N.Y. bail reform laws prevent looters from being held by police
UPDATED 5:32 PM PT — Friday, June 5, 2020
Prosecutors in New York City are expressing frustration with how quickly some of those arrested during the violent riots in the city have been turned back onto the street.
According to reports, hundreds have been arrested for rioting and looting in recent demonstrations, which were sparked by the death of George Floyd. However, many have been immediately released due to the state’s unusual bail reform law.
The law, which was enacted earlier this year, eliminated the bail requirement for suspects accused of most misdemeanors, including burglary.
The NYPD has stated groups of anarchists are targeting upscale stores, particularly in lower and midtown Manhattan. However, police have been unable to hold them, since they were charged with crimes ineligible for bail under the reform.
On Thursday, the governor of New York claimed looters are exploiting the protests because they know police are going to be busy with the actual protesters.
“It would be nonsensical if the police were arresting looters, (who) were then being arrested and returned to the street the next day to loot again,” said Andrew Cuomo. “That would be nonsensical, right?”
He called on prosecutors to seek charges of second-degree burglary, or burglary involving a “dangerous instrument” like a pipe or a brick. According to Cuomo, if looters are using rocks to break windows and steal, they should be charged for the crime they’re committing and have bail set.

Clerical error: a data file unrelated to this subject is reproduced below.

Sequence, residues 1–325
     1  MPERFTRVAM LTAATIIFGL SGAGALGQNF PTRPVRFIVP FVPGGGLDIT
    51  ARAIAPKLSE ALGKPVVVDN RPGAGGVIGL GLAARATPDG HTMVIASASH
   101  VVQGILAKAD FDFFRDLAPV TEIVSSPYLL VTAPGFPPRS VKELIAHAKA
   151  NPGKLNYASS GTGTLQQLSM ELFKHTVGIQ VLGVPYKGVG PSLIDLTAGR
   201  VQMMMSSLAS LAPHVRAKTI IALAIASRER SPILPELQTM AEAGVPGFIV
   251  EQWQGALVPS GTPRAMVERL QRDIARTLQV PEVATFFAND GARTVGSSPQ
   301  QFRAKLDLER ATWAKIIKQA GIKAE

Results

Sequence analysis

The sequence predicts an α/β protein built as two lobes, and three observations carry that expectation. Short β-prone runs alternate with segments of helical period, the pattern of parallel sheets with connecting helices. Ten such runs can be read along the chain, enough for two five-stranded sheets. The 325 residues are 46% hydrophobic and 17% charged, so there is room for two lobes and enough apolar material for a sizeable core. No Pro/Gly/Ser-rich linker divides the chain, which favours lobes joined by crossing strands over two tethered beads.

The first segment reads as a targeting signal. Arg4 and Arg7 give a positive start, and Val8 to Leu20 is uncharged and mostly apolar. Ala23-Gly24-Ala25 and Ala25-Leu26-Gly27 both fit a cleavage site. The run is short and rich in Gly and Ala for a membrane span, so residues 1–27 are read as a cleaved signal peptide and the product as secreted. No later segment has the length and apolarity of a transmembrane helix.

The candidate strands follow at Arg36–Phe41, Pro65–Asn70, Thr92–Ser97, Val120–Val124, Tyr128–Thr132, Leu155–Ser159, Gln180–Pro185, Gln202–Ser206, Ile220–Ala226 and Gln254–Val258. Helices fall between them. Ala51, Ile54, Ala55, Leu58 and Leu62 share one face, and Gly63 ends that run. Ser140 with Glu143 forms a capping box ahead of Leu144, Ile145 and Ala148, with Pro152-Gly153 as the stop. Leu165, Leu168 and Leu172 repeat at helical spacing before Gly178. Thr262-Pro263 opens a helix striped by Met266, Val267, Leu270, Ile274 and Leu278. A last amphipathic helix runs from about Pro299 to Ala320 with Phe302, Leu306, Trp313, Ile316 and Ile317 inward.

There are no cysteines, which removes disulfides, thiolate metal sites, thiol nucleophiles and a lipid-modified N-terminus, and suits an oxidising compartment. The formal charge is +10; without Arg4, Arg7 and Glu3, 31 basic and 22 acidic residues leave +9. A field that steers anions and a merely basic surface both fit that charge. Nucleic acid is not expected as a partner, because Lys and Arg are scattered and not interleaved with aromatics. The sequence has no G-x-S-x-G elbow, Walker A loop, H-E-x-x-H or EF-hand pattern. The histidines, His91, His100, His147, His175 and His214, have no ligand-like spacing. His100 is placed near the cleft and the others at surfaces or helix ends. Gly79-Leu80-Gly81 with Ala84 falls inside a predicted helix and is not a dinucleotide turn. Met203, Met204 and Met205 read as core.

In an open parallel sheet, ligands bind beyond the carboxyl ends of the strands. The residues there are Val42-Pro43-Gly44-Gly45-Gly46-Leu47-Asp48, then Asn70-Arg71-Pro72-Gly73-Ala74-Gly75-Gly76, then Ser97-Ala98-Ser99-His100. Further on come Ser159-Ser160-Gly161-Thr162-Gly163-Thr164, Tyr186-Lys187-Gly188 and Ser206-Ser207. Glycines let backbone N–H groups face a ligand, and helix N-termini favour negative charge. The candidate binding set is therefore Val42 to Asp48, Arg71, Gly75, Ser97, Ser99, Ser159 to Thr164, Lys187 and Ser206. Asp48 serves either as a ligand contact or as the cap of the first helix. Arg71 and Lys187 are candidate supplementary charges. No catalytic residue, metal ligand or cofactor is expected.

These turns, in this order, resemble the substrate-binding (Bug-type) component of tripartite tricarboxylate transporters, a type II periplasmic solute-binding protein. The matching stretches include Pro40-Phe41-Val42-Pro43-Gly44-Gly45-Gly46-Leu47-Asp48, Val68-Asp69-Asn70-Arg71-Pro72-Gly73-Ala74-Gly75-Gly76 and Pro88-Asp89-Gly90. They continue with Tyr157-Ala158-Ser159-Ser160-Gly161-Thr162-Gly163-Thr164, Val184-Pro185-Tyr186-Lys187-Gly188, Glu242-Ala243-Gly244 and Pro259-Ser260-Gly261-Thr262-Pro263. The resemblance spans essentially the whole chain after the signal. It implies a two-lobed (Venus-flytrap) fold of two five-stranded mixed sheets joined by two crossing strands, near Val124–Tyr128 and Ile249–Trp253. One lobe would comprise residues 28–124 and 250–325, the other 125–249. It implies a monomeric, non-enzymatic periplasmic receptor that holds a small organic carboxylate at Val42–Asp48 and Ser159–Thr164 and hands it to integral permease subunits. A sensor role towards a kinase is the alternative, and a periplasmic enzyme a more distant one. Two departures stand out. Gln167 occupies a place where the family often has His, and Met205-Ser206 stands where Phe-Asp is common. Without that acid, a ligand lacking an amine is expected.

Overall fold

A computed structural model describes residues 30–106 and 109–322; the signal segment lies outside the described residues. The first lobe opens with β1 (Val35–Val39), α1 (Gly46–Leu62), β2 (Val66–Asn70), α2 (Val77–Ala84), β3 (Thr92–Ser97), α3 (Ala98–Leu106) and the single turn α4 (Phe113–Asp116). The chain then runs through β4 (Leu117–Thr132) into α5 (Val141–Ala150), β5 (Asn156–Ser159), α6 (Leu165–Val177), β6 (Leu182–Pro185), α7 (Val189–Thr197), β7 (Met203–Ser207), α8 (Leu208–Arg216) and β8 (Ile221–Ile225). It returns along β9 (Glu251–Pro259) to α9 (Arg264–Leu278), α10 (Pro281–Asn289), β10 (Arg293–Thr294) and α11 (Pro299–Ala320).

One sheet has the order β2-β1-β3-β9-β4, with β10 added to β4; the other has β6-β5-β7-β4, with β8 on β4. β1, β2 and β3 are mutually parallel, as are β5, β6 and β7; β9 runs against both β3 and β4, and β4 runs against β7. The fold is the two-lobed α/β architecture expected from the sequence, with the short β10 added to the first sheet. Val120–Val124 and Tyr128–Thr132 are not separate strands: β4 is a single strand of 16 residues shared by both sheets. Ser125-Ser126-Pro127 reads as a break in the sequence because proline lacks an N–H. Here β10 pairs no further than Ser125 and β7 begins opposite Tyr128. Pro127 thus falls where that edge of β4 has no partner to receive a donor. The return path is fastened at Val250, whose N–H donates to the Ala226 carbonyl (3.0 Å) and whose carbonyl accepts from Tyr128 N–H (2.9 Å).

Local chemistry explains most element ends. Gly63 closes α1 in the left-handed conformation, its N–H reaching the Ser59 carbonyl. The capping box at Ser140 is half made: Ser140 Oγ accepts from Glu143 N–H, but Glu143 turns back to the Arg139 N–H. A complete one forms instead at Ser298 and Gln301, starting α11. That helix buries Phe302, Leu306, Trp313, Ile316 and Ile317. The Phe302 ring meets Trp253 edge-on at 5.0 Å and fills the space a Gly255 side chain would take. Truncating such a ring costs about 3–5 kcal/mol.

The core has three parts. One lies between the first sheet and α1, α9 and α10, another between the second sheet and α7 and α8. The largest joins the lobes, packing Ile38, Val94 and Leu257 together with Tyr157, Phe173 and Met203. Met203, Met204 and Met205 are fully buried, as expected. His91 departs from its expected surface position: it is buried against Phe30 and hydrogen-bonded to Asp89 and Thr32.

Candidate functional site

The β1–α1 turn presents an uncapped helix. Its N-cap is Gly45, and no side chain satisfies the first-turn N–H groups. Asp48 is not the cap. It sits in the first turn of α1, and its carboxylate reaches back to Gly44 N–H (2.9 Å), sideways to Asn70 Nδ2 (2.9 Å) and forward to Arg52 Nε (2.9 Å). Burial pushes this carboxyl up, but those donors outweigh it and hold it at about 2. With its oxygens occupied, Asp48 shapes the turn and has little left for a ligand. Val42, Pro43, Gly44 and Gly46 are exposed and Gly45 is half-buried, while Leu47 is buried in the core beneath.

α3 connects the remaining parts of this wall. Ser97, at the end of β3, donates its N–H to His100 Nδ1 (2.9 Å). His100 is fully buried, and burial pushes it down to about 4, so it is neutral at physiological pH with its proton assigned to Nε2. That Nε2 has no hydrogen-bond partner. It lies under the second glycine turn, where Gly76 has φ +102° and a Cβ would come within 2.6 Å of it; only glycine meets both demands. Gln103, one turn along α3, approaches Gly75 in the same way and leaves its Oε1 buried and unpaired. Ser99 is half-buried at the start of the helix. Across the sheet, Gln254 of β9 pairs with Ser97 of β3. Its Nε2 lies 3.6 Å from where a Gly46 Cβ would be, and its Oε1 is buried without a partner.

Prosecutors, however, are split on the legal standing to bring second-degree charges against the looters. Some have said most of the looting cases can’t be charged with that crime.
They argued rocks and bricks aren’t considered “deadly weapons.” They also noted there’s a lack of evidence that using them to break store windows has put anyone in danger of serious injury.
Manhattan District Attorney Cy Vance agreed that looters should face harsher penalties. He has asked for the legislature to change the bail reform law and for Cuomo to use emergency powers to allow judges to hold looters on bail.
“This is about people who are taking advantage of this moment, when people want to come out and protest peacefully,” stated Vance. “I’m calling for more judicial discretion, to have the judge have the ability to detain someone when there is a clear risk of re-offense.”
Under bail reform, suspects of violent felonies are still required to post bail.
However, even before the law was adopted, New York law prevented judges from considering some suspects as potential dangers to the community before setting bail.